Oil edged lower on Wednesday, snapping four sessions of gains as an increase in U.S. inventories weighed on the market, offsetting bullish momentum from production cuts announced by OPEC and other producers.
U.S. West Texas Intermediate (WTI) crude futures had fallen 19 cents, or 0.3 percent, to $52.99 a barrel by 0022 GMT. Brent crude, the international benchmark for oil prices, was yet to start trading.
Weekly inventory data from the American Petroleum Institute showed U.S. crude, gasoline and diesel stocks all rose last week. The Energy Information Administration will report its data at 1530 GMT.
Oil prices have received support from plans by the Organization of the Petroleum Exporting Countries (OPEC) and other producers to reduce output to boost prices.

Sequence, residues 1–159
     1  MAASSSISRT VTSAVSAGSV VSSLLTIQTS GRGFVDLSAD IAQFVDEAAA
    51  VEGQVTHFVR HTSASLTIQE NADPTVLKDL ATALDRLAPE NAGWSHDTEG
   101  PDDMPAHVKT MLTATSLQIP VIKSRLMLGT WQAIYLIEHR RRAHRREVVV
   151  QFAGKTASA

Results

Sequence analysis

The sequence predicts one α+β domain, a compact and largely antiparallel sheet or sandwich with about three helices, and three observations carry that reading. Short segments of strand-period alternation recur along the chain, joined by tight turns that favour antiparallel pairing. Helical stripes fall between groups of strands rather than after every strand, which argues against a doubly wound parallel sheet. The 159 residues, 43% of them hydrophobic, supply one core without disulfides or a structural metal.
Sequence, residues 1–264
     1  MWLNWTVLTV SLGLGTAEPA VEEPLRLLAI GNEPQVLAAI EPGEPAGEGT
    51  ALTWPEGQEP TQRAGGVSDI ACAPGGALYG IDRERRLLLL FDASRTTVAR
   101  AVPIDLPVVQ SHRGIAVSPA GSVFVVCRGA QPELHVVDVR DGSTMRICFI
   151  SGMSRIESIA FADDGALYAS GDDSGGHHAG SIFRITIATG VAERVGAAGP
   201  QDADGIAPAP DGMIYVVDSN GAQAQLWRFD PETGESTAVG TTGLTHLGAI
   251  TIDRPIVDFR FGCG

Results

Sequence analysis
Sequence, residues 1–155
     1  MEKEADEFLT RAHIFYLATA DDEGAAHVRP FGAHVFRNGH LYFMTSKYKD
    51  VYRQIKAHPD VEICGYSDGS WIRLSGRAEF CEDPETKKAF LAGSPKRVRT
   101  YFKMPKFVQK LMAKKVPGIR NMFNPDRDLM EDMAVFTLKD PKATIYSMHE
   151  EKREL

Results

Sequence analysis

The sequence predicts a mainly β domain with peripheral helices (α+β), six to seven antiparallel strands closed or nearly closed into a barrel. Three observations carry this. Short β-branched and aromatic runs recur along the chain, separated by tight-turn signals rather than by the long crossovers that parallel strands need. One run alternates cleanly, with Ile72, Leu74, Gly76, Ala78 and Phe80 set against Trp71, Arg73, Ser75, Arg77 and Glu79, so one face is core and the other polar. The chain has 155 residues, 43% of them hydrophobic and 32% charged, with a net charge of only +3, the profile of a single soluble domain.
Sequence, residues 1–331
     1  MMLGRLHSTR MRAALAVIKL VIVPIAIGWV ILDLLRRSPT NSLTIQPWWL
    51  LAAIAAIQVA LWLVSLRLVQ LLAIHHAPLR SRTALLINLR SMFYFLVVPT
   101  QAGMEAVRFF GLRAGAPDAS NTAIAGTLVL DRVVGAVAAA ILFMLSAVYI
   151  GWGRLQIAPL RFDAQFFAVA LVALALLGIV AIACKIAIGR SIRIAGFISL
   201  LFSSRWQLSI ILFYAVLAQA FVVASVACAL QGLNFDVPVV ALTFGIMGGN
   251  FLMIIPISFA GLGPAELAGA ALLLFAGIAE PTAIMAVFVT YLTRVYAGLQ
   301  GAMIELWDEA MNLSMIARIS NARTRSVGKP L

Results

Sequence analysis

Around 1.5 million barrels per day (bpd) has already been taken out of the market from about 1.8 million bpd agreed by oil majors starting on Jan. 1, energy ministers said on Sunday, as producers look to reduce oversupply.
Bernstein Energy said global oil inventories declined 24 million barrels to 5.7 billion barrels in the fourth quarter of last year from the previous quarter. That amounts to about 60 days of world oil consumption.
“More participants to the recent production agreement said they were close to implementing their share of the reduction,” ANZ said in a note to clients.
Analysts, however, estimated U.S. crude stocks increased by about 2.8 million barrels in the week to Jan. 20.
U.S. oil production has risen by more than 6 percent since mid-2016, though it remains 7 percent below the 2015 peak. It is back to levels reached in late 2014, when strong U.S. crude output contributed to a crash in oil prices.
The push by Republicans in the U.S. House of Representatives for a shift to border-adjusted corporate tax could push U.S. crude prices higher than the global benchmark Brent, triggering large-scale domestic production, according to analysts at Goldman Sachs on Tuesday.